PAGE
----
What Lies Beneath

VPL_Main by Gabriel Bell
In the rag trade, there is perhaps no richer real estate than the inches between the waist and thighs. Calvin Klein, Donna Karan, and a host of others rode the backs of a million waistbands to enduring fame. But, what's an underwear designer to do when exposure itself has become overexposed? Victoria Bartlett, creator of the burgeoning bloomer brand VPL, has found success in the panty game by learning to cover up.
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"When there is nothing to discover," says Bartlett of the current crop of barely-there underwear, "the sexiness disappears and you lose interest in what's beneath. That's why I will always shy away from T and A." Indeed, the panties created by VPL (short for "visible panty lines") owe more to the knickers of decades past than Brazilian beach attire. But don't confuse Bartlett's wares for granny-panties. Subversion is never far from her mind.

When there is nothing to discover, the sexiness disappears and you lose interest in what's beneath. That's why I will always shy away from T and A.

A graduate of the London College of Fashion, Victoria Bartlett has a knack for raising eyebrows. Throughout her career as a freelancer and contributor to Interview, Allure, Vogue, Visionaire, and The Face she cultivated a reputation as a canny and cantankerous stylist. Famous for dressing up the tawdry or adding a hint of sleaze to the high-minded, the fashion director gained a standing in New York circles usually reserved for firebrand designers. She even bared her breasts for a V photo-shoot. Self-employment was just the next logical step for the incorrigible and inspired stylist.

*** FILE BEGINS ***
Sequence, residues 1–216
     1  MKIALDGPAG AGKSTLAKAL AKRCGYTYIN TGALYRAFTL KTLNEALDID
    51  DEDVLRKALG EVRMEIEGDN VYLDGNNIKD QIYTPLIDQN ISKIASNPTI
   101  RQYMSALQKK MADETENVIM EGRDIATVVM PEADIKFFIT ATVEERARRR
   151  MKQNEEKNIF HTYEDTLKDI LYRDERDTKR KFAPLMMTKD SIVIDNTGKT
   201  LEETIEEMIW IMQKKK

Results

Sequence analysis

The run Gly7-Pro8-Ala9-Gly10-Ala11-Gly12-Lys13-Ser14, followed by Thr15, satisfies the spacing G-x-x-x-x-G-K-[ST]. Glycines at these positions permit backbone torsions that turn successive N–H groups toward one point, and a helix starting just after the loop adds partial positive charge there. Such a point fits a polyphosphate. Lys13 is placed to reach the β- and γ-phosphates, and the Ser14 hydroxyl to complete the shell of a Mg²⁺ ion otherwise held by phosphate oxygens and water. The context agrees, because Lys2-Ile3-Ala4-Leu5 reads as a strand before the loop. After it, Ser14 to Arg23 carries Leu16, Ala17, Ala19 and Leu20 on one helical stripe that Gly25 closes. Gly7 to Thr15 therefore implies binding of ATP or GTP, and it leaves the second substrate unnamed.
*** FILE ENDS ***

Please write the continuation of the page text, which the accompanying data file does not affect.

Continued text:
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Fall/Winter 2003 and Spring/Summer 2005 line shows
Teaming up with partner Jeffery Costello, Bartlett revealed VPL's first collection of sexy tops and bottoms in fall 2003. While the line's allusions to medical gauze, doctor's scrubs, and men's swimming trunks might not inspire steamy thoughts on paper, the coy combination of seemingly innocent cuts and materials with Bartlett's inference that these revealing designs should be worn as sportswear curled a quite a few hairs. Unlike the star-strewn Victoria's Secret runway phantasmagorias, VPL's debut show kept the emphasis on the concepts behind the clothes with a brilliant doctor-and-patient pantomime that reveled in the rarely tapped eroticism of institutional and utilitarian themes. Tight, functional creations that would have looked familiar to a Socialist ballerina became dangerous when dyed a suggestive nude. The pair had improbably brewed definitively unsexy elements such as wide banding, foundation construction, terry cotton, and health care into a flirtatious potion. It wasn't long before Bartlett's deconstructed camisoles, bandage bras, and "mechanical green" panties were disappearing from Barneys' lingerie department.
Since their deceptively sexy premiere, Costello and Bartlett have expanded on their leitmotif of comfortable, flexible underclothes that double as arresting outerwear. Certainly, one could see the sporty side of Bartlett's carefully torn T-shirts, bodysuits, miniskirts, panties, and leggings as her models quietly pumped iron at a gym during VPL's Spring 2005 line show.